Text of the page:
Rare Earthtones Logo
Spacer Spacer
Center for Biological Diversity Home

GILA WOODPECKER } Melanerpes uropygialis

RANGE: Southwestern United States and Mexico

STATUS: In general, Gila woodpeckers are considered Common, but there is evidence of a population decline. They are Endangered in California and Imperiled in New Mexico.

THREATS: Habitat loss and degradation from urban development and agriculture, human disturbance, off-road vehicles, livestock trampling and grazing, fire in riparian habitats, and competition with exotic European starlings for nest cavities

The noisy Gila woodpecker excavates its own nest cavities in cottonwoods, saguaro cacti, and mesquite trees. In California the species survives in only scattered locations in mature cottonwood forests along the lower Colorado River. Gila woodpeckers are easily identified by their zebra-striped back and wings, grayish-tan head and breast, and the small red crown on the head of the males. White patches near the tips of the wings are prominent when they are in flight. These woodpeckers eat mainly insects, and to a lesser extent fruits, nuts and lizards; they will also prey on the eggs of smaller birds. Other desert birds, including tiny elf owls, use their abandoned nest holes.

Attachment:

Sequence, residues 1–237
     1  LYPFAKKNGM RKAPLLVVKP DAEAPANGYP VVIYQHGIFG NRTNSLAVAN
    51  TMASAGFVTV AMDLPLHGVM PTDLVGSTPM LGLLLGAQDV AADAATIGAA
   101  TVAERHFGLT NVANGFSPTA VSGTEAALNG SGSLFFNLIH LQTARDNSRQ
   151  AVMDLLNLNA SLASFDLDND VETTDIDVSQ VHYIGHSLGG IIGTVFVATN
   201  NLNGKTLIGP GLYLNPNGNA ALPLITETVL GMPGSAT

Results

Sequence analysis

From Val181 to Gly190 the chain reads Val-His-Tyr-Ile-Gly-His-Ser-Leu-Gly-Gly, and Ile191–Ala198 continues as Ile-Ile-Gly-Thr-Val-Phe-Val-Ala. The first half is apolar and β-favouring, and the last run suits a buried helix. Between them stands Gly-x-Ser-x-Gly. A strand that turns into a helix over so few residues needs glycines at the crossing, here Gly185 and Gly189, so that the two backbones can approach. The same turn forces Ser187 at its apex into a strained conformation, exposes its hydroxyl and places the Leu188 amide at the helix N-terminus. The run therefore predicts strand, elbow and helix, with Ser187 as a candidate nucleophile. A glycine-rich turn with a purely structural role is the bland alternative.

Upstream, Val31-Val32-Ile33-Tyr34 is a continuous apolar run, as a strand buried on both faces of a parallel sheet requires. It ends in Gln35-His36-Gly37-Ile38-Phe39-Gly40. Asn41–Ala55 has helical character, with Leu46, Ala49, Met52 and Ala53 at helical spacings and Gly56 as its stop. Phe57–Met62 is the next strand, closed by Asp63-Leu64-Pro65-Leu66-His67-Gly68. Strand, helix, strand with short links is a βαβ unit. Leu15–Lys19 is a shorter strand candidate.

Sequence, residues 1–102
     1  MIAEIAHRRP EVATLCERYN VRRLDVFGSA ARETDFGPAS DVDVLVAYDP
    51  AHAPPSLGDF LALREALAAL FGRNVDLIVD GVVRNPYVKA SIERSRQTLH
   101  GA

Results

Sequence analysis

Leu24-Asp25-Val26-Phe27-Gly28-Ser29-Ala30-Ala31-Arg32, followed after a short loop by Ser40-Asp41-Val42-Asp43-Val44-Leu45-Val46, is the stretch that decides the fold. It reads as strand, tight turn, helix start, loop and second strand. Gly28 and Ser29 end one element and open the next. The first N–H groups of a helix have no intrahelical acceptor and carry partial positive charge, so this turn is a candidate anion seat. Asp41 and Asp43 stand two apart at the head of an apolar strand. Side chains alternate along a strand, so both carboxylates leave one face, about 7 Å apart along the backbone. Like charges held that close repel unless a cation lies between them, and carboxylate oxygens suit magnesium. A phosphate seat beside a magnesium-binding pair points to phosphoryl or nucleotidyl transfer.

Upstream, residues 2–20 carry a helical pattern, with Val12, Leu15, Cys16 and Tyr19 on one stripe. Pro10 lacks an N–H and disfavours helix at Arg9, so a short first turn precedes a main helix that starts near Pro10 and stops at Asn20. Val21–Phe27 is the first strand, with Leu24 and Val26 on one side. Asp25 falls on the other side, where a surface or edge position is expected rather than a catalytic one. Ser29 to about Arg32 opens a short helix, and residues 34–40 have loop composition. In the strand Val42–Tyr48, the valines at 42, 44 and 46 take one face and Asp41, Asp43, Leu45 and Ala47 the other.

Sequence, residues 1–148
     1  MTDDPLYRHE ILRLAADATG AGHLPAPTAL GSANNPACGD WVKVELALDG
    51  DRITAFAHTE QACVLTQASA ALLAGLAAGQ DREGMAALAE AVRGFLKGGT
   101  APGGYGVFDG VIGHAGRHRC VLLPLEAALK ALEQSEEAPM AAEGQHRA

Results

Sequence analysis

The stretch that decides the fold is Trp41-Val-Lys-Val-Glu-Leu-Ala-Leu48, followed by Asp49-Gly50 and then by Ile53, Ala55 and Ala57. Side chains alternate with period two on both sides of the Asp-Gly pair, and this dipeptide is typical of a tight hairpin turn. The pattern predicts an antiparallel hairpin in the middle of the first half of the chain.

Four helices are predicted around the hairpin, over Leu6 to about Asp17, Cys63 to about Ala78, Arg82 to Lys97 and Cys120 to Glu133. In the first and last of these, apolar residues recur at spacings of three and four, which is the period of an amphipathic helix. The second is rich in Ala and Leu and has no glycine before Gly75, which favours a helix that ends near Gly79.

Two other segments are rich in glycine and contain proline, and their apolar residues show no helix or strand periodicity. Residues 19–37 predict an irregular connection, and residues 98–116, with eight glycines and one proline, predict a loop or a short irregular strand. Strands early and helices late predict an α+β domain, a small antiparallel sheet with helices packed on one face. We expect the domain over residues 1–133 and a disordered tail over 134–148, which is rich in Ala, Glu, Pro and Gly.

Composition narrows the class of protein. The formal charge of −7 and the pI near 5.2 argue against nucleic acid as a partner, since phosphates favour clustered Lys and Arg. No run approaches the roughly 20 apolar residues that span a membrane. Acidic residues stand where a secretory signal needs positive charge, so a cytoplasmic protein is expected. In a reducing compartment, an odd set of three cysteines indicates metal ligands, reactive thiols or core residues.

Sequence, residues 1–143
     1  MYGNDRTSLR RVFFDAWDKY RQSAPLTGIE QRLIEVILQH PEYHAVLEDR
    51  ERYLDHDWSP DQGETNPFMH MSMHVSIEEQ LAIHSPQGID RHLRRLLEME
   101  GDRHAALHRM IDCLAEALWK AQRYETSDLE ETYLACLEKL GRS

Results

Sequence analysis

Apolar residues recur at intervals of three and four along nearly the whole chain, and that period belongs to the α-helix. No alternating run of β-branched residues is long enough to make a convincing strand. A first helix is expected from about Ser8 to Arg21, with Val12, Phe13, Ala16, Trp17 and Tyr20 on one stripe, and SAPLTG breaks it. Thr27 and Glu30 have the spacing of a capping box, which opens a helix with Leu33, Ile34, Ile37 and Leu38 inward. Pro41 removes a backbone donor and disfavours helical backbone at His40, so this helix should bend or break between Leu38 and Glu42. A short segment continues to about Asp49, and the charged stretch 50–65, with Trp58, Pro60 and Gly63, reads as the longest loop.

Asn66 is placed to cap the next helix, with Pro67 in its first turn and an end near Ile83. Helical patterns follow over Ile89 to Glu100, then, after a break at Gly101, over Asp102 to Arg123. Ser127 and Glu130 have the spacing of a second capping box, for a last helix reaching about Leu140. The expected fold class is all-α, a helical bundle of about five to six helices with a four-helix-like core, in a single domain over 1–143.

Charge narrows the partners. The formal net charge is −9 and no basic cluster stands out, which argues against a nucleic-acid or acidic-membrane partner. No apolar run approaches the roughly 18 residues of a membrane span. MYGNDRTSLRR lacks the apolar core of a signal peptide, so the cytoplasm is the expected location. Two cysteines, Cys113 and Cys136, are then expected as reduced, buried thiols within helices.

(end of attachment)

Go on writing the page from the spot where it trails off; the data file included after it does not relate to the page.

Photo © Don Getty